Some Utahns see wearing a mask during the COVID-19 pandemic as a social responsibility. “I wear a mask because it helps protect people around me,” said Kris Irvin, 33, of Bluffdale. “I think it’s a respect thing.”

Others aren’t convinced that face masks protect them from contracting the coronavirus, or insist mask mandates violate their constitutional rights.

“Masks CAN be effective, but the benefits are so minimal that they should not be required,” said Andrew Jensen, 21, of Millcreek. “Cloth masks do almost nothing to stop someone from contracting COVID-19.”

It’s true that the biggest benefit of wearing a cloth mask is protecting others, said Dr. Mark A. Lewis, an oncologist and director of gastrointestinal oncology at Intermountain Healthcare. The coronavirus is most often transmitted by respiratory droplets; if you cough while wearing a mask, he said, it “will catch on average about 90% of the particles that are coming out of your mouth into the air.”

And that safeguard is crucial to controlling COVID-19, Gov. Gary Herbert said last week, asking Utahns to heed the guidance of doctors and of a new study from Brigham Young University that confirmed the effectiveness of masks against the spread of the coronavirus.

The Salt Lake Tribune spoke with six Utahns about their views on masks and talked to physicians about common myths.

Why some Utahns wear a mask

Bettie and Greg Turman of Bountiful lived for 18 months in Malaysia, where it is common, she said, to see masks worn in public by families, the elderly, businesspeople and schoolchildren.

“What was enlightening to me was seeing so many people comfortable in wearing their masks,” said Bettie Turman, 69. There “was no [stigma] associated with it, no political statements were being made, it was just a thoughtful thing to do.”

Now, with the coronavirus outbreak, she said, they are inspired by that example to wear masks themselves.

And they have a new motto — mask it or casket — adopted from a post they saw on social media. They thought that mentality would help them, as senior citizens, to stay out of dangerous situations, she explained.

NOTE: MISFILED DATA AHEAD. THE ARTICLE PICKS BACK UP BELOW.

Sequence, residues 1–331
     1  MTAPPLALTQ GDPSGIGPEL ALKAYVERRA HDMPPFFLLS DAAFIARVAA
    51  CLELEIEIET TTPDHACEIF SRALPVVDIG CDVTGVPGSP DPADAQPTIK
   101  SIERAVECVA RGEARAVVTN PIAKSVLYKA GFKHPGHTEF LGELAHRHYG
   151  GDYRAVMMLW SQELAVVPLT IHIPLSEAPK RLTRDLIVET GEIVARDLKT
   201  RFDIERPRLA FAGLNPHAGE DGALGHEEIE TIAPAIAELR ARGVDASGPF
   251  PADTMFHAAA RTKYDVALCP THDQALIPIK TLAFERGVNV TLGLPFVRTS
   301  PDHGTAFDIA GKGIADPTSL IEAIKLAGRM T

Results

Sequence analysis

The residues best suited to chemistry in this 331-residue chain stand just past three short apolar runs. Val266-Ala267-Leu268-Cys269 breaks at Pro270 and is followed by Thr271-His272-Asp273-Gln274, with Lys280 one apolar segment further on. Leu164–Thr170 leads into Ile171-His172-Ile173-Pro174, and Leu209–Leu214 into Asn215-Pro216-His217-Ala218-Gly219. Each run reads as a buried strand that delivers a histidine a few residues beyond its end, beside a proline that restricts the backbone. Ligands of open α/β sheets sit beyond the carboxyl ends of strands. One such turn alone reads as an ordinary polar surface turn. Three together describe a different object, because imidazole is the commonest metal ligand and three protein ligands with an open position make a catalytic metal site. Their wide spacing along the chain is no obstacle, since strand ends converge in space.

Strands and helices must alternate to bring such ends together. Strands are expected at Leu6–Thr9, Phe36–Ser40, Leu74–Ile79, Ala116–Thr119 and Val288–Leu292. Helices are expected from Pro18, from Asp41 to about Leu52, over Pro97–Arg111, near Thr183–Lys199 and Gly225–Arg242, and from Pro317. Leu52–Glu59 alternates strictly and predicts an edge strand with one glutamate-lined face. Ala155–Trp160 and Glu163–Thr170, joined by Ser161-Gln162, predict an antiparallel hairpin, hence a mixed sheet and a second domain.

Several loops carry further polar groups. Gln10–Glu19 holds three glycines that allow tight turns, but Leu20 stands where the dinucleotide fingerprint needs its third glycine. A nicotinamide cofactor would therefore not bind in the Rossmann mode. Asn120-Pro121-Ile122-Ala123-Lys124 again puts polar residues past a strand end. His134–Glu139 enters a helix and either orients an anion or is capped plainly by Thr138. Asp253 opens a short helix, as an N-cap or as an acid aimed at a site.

Bettie Turman said she’s “perplexed” that many Utahns are against mask wearing, saying that she finds the state’s residents to be kind, giving and thoughtful on other issues.

Shannah Baker, 48, from St. George, said she didn’t wear a mask before she tested positive for COVID-19. Now she always wears one in public spaces, except for during workouts in her gym.

Baker was exposed to the virus by a family member who was asymptomatic, she said. She exposed at least two people to the virus herself, she said, before she showed any symptoms and realized she was ill. One person Baker passed the virus to became seriously ill, but the other had minor symptoms.

She said having the coronavirus was “the sickest [she’s] ever been.” She missed 18 days of work, and six weeks later, she still suffers from blood pressure spikes, heart palpitations, extreme fatigue and loss of taste and smell.

“I feel so horrible that I was responsible for spreading this virus,” Baker said. “I hate wearing a mask. It is miserable, but I also feel like it is such a small sacrifice that most of us can make for our friends, families and communities.”

Irvin agrees, calling it “the easiest way to help prevent the spread of COVID-19.”

Because, like in Baker’s experience, it’s unclear who has the coronavirus without symptoms, “people should act as if they could be infectious to others, despite how well they feel,” said Dr. Hannah Imlay, an assistant professor of infectious diseases at the University of Utah. Masks also help Utahns protect others with suppressed immune systems, Lewis said.

Masks “are by no means convenient … but they are safe,” Imlay said, “and this is one of the single biggest steps you can take to protect your community.”

Why some Utahns aren’t wearing a mask

Jensen said he doesn’t wear a mask because he believes politicians are pushing mask use “for political purposes and not for the safety of the public.” Pam Fredericks, 43, of Heber City, also is skeptical; she believes there has been a lot of contradictory information about the coronavirus. And Allison Howes, 48, from Clearfield, agrees, pointing out some physicians disagree about when or whether the general public needs to wear masks.

Lewis acknowledged there have been “mixed messages from major public health authorities about mask wearing,” in part because of concerns earlier in the pandemic that medical professionals would run low on personal protective equipment.

Now, Imlay said, “there is a pretty large body of evidence coming from many different places that mask wearing is effective.” She added: “The highest effectiveness is probably [for] people around the person wearing the mask, not the mask wearers themselves.”